FIG. 2 is a diagram illustrating how distance measurement points are selected in accordance with the focal length;

FIG. 3 is a diagram illustrating how distance measurement points are selected in accordance with the object distance;

FIG. 4 is a diagram illustrating how distance measurement points are selected in accordance with the focal length and the object distance when there is a deviation;

FIG. 5 is a diagram illustrating how distance measurement points are selected in accordance with the focal length and the object distance when there is no deviation;

FIG. 6 is a diagram illustrating how distance measurement areas are selected in the passive method;

FIG. 7 is a flow chart illustrating the sequence of operations performed to select distance measurement blocks in accordance with the focal length;

FIG. 8 is a flow chart illustrating the sequence of operations performed to select distance measurement blocks in accordance with the object distance;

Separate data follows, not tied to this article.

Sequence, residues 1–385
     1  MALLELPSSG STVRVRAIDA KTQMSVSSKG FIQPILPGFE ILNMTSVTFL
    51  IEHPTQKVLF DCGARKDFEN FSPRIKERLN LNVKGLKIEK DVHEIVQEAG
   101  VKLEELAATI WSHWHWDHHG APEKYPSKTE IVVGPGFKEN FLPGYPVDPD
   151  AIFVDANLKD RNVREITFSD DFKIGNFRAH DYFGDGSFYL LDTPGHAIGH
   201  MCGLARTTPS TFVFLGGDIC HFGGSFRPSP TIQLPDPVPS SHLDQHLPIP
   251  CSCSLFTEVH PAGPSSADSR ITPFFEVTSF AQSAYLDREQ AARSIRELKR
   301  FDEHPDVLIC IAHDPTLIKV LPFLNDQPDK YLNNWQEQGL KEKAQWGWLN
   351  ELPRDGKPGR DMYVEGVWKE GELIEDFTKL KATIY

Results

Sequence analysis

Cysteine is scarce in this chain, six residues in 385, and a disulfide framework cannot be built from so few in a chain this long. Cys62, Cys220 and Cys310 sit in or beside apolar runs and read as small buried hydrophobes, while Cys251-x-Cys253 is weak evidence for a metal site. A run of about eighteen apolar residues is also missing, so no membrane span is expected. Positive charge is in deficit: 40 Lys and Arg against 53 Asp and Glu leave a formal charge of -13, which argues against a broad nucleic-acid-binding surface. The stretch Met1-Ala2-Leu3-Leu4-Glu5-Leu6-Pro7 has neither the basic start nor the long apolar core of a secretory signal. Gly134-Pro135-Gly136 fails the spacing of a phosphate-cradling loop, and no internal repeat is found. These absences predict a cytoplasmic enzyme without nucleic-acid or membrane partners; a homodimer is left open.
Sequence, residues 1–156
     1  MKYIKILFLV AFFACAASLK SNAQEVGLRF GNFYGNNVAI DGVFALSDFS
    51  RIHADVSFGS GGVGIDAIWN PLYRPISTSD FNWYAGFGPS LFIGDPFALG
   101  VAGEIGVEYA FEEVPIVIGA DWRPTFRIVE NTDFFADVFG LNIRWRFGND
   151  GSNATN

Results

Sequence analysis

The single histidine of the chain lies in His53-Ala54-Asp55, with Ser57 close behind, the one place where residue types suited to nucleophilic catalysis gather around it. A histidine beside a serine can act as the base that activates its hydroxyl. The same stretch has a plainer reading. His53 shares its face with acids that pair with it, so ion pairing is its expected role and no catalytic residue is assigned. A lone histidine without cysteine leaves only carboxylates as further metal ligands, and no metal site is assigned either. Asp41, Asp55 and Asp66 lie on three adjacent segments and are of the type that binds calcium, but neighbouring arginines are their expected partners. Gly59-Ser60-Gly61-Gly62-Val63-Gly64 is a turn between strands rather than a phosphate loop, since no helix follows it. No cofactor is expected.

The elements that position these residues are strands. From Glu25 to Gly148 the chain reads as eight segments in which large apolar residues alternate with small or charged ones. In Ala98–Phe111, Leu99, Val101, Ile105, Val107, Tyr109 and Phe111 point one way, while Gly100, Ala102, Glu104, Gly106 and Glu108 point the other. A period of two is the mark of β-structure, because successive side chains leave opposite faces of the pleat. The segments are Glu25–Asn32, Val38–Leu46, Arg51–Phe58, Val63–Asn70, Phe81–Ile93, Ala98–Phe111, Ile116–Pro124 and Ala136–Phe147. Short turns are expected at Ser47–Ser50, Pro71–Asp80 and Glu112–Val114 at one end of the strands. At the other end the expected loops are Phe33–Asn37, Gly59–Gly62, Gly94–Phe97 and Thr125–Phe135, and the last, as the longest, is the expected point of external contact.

FIGS. 9A and 9B are diagrams illustrating the positional relationship between the light-sensing areas of the two-dimensional sensor and the viewfinder screen;

FIG. 10 is a diagram illustrating how the distance measurement device is used simultaneously as a photometry device;

FIGS. 11A and 11B are diagrams illustrating the deviation of the distance measurement area relative to the distance measurement frame resulting from variation in the object distance; and

FIGS. 12A and 12B are diagrams illustrating the deviation of the distance measurement area relative to the distance measurement frame resulting from variation in the focal length.

DESCRIPTION OF THE PREFERRED EMBODIMENTS